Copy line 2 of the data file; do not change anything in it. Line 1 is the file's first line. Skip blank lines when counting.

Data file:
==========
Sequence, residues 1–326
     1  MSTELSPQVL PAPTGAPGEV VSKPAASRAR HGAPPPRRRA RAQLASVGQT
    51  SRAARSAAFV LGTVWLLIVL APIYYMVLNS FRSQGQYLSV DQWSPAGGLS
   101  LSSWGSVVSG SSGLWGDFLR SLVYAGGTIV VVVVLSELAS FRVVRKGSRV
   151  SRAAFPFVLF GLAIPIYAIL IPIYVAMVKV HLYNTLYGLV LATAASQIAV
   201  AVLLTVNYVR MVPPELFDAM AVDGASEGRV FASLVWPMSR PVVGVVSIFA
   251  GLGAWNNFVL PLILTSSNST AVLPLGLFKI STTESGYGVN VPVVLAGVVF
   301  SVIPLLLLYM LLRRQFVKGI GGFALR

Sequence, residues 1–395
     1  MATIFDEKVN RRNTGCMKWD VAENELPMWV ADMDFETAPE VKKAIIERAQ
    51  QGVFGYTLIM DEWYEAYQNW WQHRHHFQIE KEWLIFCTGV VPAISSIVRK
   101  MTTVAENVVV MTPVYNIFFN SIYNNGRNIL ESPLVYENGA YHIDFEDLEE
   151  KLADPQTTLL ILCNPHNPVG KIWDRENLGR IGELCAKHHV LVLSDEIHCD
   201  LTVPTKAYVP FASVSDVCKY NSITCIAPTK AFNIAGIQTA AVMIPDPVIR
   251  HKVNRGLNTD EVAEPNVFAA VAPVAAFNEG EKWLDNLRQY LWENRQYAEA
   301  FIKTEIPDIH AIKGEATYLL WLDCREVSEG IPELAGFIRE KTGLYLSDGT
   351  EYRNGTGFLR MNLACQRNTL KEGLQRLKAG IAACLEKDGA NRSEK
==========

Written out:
     1  MSTELSPQVL PAPTGAPGEV VSKPAASRAR HGAPPPRRRA RAQLASVGQT